This is more than just harassment (trigger warning: rape)

Rarely have I read any article that so enrages me as this:

From the hater’s POV, you (the Koolaid server) do not “deserve” that attention. You are “stealing” an audience. From their angry, frustrated point of view, the idea that others listen to you is insanity. From their emotion-fueled view you don’t have readers you have cult followers. That just can’t be allowed.

You must be stopped. And if they cannot stop you, they can at least ruin your quality of life. A standard goal, in troll culture, I soon learned, is to cause “personal ruin”. They aren’t all trolls, though. Some of those who seek to stop and/or ruin you are misguided/misinformed but well-intended. They actually believe in a cause, and they believe you (or rather the Koolaid you’re serving) threatens that cause.

I am angry at the injustice being suffered by this woman and by others like her. Read it all. It’s words we need to hear. We are failing, and failing badly.

But I think the writer got one thing wrong. She believes that this behavior is motivated by some kind of jealousy over how much attention women get online, and believes that the goal is to silence women. I don’t think that’s it at all. Oh this might be true for some of the trolls, but those guys are a mere nuisance, and their behavior cannot account for the kind of abuse inflicted on Kathy Sierra and others like her. The real problem here is a much smaller group of “trolls” whose goal is to get away with the virtual, online equivalent of rape. These are not geeks defending some kind of boys-only turf. These are perverts acting out rape fantasies with real victims and real harm. Women who make significant contributions are targets, not because the trolls resent the attention they get, but because the online rapist gets a bigger kick out of attacking an influential and well-known woman than attacking a more anonymous female. The goal is not to defend anything. It’s to attack and destroy the woman. For “kicks.”

Go back and re-read Kathy’s account. Compare it to what happens during and after a rape. The rapist’s goal is not just to get off—he could do that with a box of tissues and some lube. But that’s not what he’s after. His goal is to get off on humiliating and demeaning some significant woman, hurting her wherever she is the most sensitive. Read the account again. What’s the goal of the “trolls”? Humiliation. Harassment. Stalking. Terrorizing. Even after she went offline.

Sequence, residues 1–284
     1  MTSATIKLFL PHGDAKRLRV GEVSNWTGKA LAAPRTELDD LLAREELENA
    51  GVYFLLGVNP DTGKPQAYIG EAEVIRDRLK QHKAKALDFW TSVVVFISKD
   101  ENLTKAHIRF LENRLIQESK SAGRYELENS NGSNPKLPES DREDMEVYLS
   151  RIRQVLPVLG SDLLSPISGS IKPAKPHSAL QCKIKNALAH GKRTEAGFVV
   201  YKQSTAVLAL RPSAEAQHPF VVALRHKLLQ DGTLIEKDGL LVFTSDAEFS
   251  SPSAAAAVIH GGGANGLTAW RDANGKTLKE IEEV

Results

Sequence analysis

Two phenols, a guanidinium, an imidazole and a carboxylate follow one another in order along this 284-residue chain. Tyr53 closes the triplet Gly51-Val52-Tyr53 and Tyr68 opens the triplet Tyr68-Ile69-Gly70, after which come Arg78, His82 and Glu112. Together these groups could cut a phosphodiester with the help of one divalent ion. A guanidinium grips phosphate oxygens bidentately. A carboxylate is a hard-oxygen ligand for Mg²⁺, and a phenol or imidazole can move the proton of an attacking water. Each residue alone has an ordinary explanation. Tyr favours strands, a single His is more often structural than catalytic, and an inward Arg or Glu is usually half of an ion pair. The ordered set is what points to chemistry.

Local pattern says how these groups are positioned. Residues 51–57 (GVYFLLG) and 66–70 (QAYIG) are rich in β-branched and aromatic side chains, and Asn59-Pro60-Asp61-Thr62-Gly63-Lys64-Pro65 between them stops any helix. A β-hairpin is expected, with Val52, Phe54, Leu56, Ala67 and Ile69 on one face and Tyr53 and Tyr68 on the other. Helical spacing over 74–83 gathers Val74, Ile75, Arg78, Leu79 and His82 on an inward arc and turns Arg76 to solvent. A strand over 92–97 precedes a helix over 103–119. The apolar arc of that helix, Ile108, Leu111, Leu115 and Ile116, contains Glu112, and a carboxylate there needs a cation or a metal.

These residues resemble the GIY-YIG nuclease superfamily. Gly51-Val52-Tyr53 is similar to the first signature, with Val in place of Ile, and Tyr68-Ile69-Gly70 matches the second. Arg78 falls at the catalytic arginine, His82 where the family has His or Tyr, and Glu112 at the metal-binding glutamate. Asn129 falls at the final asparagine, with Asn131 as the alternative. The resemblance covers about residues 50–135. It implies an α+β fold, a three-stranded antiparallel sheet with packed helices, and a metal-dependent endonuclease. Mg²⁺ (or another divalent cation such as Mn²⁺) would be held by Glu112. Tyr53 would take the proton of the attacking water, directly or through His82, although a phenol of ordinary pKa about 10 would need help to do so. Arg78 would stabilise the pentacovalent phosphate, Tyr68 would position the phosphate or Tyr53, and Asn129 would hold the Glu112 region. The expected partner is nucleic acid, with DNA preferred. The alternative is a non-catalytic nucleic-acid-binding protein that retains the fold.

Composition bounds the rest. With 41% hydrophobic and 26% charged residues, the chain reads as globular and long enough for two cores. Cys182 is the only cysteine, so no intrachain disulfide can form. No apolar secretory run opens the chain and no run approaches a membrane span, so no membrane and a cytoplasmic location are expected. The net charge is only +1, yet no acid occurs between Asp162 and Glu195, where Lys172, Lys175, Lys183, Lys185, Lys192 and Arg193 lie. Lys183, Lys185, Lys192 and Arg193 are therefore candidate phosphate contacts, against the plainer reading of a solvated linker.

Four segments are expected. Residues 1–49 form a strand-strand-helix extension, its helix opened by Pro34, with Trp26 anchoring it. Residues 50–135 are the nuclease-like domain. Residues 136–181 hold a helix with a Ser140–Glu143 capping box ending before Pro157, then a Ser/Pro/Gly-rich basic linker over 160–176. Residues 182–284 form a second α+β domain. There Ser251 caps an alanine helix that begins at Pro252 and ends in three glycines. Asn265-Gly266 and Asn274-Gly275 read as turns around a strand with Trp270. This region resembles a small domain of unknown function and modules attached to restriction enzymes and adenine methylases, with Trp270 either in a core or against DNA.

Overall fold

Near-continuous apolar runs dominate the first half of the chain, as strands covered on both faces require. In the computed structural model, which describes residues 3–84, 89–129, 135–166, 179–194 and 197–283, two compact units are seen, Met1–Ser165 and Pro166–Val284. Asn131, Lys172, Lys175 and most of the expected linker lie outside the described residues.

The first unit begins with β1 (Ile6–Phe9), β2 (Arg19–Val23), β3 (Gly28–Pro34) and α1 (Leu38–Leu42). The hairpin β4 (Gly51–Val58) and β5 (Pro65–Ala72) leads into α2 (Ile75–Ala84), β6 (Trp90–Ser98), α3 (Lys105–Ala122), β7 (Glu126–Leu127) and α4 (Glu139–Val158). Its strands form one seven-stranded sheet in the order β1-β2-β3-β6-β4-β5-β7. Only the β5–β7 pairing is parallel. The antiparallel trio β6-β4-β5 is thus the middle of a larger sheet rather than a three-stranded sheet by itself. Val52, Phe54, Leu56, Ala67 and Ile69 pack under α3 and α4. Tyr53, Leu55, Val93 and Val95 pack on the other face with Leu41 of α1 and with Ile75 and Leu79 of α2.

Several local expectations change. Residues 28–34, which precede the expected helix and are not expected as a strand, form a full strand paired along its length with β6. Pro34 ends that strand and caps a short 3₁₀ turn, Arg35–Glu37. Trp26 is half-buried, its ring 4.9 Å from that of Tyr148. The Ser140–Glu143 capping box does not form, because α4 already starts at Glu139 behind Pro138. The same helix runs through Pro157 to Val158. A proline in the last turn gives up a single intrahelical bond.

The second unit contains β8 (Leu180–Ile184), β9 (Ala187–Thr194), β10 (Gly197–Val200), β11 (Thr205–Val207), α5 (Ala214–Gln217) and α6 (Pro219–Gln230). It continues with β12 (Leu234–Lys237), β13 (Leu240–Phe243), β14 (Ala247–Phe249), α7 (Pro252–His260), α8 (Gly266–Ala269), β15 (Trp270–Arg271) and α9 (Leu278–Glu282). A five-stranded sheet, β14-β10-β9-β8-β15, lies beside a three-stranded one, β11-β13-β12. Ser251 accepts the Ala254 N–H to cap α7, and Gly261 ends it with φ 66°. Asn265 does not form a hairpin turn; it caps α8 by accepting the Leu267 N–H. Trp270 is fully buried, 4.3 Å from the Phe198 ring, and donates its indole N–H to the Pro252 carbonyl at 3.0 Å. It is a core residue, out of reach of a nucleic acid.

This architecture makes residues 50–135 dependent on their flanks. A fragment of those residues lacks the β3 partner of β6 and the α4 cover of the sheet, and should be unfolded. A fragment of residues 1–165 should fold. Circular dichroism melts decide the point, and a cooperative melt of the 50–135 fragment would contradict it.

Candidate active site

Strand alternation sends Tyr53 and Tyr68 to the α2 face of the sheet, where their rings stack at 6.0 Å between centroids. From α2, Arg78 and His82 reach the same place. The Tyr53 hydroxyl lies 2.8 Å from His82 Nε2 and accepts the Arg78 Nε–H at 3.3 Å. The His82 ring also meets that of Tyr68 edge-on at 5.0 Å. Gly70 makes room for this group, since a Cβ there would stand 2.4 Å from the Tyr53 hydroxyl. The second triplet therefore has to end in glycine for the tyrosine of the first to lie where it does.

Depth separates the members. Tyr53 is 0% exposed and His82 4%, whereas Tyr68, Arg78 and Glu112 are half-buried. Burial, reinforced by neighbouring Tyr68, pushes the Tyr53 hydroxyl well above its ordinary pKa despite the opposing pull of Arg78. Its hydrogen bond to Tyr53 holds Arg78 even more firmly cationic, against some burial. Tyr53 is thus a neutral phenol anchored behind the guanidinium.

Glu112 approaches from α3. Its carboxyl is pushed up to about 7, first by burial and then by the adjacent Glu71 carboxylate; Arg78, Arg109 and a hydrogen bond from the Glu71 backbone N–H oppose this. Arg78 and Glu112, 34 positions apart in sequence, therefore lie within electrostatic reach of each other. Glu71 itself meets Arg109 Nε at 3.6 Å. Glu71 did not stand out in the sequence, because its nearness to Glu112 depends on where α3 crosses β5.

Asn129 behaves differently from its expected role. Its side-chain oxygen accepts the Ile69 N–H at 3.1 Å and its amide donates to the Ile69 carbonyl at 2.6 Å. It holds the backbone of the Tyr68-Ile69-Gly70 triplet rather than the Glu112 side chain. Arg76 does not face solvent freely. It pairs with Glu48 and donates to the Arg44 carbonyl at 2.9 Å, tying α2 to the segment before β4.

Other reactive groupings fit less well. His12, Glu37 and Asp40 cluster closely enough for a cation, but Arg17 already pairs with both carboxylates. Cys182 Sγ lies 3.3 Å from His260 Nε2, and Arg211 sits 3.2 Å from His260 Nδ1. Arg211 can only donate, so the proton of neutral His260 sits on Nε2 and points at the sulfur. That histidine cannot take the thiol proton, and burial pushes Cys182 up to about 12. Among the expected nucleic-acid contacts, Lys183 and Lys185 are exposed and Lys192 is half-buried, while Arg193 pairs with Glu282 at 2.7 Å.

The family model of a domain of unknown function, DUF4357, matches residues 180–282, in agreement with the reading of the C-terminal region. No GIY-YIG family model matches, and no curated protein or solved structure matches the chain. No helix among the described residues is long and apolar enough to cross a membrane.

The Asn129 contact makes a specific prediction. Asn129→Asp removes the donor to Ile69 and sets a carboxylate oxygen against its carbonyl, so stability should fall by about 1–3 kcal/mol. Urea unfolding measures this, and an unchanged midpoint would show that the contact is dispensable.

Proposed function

These are rape fantasies, brought to life and acted out online. This is everything about rape that makes it evil, except the physical penetration. It is a sexually-motivated attack on a woman, intended to inflict suffering and degradation for the gratification of the perpetrator. The attacks themselves may not be overtly physical (although even that’s not guaranteed), but the motivation, the intent, and a large part of the consequences, are those of sexual assault. This is not just sexism, and it’s not just trite make-me-a-sandwich male privilege asserting itself. This is hurting and degrading women purely for the sexual pleasure of hurting and degrading women.

That’s why none of the standard anti-troll tactics are effective against it—not ignoring the trolls, not going silent, not trying to defend yourself or to answer all the accusations against you. You don’t defend yourself against rape by ignoring the rapist or by shutting up or by denying the degrading things he says and does. The only thing that works is to outlaw the assault, apprehend the perpetrators, and them to justice, cutting them off from being able to engage in further assaults.

And that’s what we need to do. We need to do this now. Online sexual assaults are malignant and devastatingly harmful, both to the women who suffer these attacks (through no fault of their own!) and, to a much lesser extent, to those of us who are being deprived of the contributions these women could be making if it were safe. Tolerance of these assaults, and worse yet encouragement, is destructive and antisocial. The perpetrators of online “virtual rape” are dangerous perverts, and we need to treat them as such, and restore justice to their victims. The legislature needs to pass laws against it, and online services need to pro-actively work with law enforcement to identify and apprehend the perpetrators. And then they need to go to jail and put on no-Internet-allowed probation for a very long time.

This has been going on for far too long, and it needs to stop. Now.


  1. brucegee1962 says

    That was one seriously disturbing article.

    Here’s my question. I have a 13-year-old daughter who looooves to play video games. Most of the time when she goes online, she either talks with her friends, or else she is playing underneath my name on her account. I’ve spoken to her about misogyny on the internet, but I don’t think she’s experienced it yet. And of course, being a parent, I want to protect her.

    She’s currently thinking about a career in tech. I’ve been encouraging her, because hey, everyone says we need more women in STEM, right?

    But reading articles like this makes me a lot more unsure whether that’s a good idea. If she was the kind of tough, take-no-prisoners woman like many of the ones I admire online, I’d feel ok. But she isn’t. So should I keep on encouraging her to take programming courses, or should I stand back and hope she finds something else to do that won’t expose her to the kind of filth that you and the op talk about?